Syria developing new types of chemical weapons: US
Senior US officials reported that the Syrian regime might be developing new types of chemical weapons, and that if necessary, President Donald Trump will take military action.
Despite Damascus agreeing to destroy its 1,300-tonne stockpile of industrial munition following a US-Russian deal after the Ghouta attack in 2013, UN inspectors found evidence of an ongoing chemical weapons programme in the country.
This includes the systematic use of chlorine barrel bombs and sarin.
Bashar al-Assad's forces have instead 'evolved' their chemical weapons, and used them in smaller amounts.
Recent attacks in Syria suggest that new weapons and methods of delivery are being developed, possibly to prevent the origin from being traced.
"We reserve the right to use military force to prevent or deter the use of chemical weapons," one official told Reuters, although he did not specify the severity of an attack that would draw a renewed US military response.
Former US president Barack Obama had called the use of chemical weapons a "red line".
Another official added that there were hopes an increased diplomatic pressure with international sanctions will rein in the Syrian regime's chemical weapons programme.
Assad's chemical weapons could spread to "US shores" the official said, should the international community not respond quickly to limit Assad, warning that "it will spread if we don't do something".
The officials echoed Rex Tillerson, the US Secretary of State's recent accusations against Russia of being responsible for chemical weapons attacks in Syria - a charge that draw a furious response from Moscow.
|We reserve the right to use military force to prevent or deter the use of chemical weapons|
Tillerson said at a conference last week in Paris that Moscow "ultimately bears responsibility for the victims" of chemical weapons attacks in Syria since it became militarily involved in 2015.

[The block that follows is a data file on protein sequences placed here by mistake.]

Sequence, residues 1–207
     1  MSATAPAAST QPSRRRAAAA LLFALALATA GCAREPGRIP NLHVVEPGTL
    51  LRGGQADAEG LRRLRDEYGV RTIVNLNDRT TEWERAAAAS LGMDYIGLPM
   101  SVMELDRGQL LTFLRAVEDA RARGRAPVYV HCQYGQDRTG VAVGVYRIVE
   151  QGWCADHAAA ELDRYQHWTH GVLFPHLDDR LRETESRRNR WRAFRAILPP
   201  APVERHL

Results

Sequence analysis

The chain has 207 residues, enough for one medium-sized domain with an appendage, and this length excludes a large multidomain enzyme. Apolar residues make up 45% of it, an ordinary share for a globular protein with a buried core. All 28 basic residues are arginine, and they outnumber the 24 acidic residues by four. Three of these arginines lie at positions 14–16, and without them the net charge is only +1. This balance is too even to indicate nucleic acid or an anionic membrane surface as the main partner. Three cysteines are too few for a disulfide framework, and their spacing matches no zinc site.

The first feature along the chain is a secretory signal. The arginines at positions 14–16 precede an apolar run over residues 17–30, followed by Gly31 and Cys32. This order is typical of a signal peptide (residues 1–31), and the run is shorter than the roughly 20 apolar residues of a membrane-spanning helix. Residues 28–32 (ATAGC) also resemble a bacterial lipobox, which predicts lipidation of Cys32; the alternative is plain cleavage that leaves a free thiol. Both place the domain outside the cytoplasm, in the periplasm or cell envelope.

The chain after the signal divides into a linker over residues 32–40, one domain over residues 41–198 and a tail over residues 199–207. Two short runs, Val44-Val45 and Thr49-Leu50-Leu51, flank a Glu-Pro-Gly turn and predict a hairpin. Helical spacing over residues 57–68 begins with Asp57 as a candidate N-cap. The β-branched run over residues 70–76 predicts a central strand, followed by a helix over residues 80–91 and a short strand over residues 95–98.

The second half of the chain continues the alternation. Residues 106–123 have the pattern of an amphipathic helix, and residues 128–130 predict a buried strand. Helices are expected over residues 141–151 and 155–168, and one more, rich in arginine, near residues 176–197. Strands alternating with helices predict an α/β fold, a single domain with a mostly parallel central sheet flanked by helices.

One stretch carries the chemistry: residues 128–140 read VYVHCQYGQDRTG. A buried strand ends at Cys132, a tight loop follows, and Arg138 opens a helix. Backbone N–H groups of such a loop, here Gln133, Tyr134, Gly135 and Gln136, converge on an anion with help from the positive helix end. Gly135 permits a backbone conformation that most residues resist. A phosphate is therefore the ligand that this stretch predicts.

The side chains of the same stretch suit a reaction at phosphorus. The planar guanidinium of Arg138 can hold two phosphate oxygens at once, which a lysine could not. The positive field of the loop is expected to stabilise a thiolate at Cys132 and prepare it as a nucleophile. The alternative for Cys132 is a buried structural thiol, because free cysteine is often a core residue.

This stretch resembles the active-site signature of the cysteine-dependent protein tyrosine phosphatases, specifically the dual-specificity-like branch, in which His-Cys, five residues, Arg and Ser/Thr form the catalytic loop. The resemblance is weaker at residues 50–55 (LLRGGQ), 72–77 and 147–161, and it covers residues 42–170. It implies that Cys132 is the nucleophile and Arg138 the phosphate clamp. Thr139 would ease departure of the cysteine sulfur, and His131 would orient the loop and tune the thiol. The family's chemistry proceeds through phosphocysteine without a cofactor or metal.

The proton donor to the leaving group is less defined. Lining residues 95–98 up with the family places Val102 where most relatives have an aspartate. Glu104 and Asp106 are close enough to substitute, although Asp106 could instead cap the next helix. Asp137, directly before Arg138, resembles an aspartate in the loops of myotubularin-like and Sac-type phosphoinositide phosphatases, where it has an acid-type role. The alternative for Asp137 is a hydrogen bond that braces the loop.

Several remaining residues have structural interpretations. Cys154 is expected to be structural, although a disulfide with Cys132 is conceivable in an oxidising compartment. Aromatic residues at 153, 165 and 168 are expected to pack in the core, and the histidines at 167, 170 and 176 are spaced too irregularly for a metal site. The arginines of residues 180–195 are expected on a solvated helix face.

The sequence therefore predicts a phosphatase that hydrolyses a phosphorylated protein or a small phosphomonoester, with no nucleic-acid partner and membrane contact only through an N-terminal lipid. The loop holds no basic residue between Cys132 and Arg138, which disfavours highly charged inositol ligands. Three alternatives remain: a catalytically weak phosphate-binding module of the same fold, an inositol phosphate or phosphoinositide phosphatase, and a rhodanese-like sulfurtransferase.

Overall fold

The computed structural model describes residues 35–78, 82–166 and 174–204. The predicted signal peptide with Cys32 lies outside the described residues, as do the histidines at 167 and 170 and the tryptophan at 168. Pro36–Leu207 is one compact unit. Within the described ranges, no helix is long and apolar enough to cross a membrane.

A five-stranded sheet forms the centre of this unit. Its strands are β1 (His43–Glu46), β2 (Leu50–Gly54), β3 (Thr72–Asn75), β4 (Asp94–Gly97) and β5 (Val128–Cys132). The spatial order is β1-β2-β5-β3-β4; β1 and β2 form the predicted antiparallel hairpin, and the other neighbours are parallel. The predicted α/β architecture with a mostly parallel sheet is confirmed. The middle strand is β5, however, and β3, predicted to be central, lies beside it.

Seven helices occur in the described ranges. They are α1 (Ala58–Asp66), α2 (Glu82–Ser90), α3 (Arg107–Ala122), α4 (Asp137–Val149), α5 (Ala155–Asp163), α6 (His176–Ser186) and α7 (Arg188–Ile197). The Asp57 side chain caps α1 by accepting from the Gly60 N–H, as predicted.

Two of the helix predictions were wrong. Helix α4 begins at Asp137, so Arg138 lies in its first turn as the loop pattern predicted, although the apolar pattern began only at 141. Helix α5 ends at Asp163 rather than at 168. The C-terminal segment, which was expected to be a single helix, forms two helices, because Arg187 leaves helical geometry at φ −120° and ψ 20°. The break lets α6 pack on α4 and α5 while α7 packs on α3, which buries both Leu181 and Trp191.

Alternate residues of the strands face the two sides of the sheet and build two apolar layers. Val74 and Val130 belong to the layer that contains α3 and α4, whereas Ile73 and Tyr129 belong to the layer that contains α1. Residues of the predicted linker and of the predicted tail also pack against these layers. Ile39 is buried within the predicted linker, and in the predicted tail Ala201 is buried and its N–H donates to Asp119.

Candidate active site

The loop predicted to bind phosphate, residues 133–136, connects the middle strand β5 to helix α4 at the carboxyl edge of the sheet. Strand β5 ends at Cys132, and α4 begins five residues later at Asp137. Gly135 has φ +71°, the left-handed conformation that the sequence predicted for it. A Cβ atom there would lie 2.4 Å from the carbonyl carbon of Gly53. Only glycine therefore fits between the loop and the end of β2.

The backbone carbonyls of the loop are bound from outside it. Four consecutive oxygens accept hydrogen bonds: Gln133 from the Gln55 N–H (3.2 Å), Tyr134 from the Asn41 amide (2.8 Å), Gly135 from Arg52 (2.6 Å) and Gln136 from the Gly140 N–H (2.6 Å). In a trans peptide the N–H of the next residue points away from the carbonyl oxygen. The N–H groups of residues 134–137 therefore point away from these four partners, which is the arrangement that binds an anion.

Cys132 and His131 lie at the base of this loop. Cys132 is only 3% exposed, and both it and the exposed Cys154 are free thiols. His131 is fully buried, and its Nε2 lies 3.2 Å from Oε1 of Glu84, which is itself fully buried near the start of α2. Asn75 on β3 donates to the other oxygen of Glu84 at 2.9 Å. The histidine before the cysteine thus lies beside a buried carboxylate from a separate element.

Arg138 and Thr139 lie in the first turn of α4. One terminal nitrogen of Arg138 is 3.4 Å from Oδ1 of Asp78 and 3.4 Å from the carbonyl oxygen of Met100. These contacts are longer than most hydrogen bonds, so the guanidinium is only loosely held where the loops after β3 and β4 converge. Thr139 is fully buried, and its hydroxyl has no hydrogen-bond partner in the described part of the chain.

He accused Russia of violating its own commitments under a 2013 US-Russia agreement to rid Syria of its chemical weapons stockpiles and an international treaty that bars their use.
The US secretary of state's remarks followed the targeting of a Damascus suburb by chemicals for a second time in two weeks. The heavily populated civilian town of Douma was hit in a suspected chlorine gas attack leaving over 21 casualties suffering from burns and breathing difficulties, including children.
Heather Nauert, the US State Department spokesperson, said on Thursday that the US was "extremely concerned" about reports of the Assad regime carrying out another chlorine gas attack.
If left unchecked, the US officials added, Assad could use small chemical attacks in the hopes to redress the power imbalance in rebel-held areas as an "instrument of terror".
"They think they can get away with it if they keep it under a certain level."Article continues below
Damascus has denied using any chemical weapons in the seven-year conflict, blaming the rebels on using it on themselves.
Long-time ally Russia has also rejected claims about the use of chemical weapons by the Syrian regime and called into question the results of the OCPW inquiries.
Moscow has even claimed that the rebels staged the attacks to discredit the Syrian regime and whip up international condemnation. Almost all independent analysts and investigators agree the Syrian regime is the culprit of the chemical attacks.
The Damascus suburb of around 400,000 people has been besieged by regime forces since 2013, in an attempt to strangle the rebel region into submission.
Chronic food, fuel and medicine shortages have been reported. The attacks have lead to calls by UN chief for Syria to be taken to the International Criminal Court.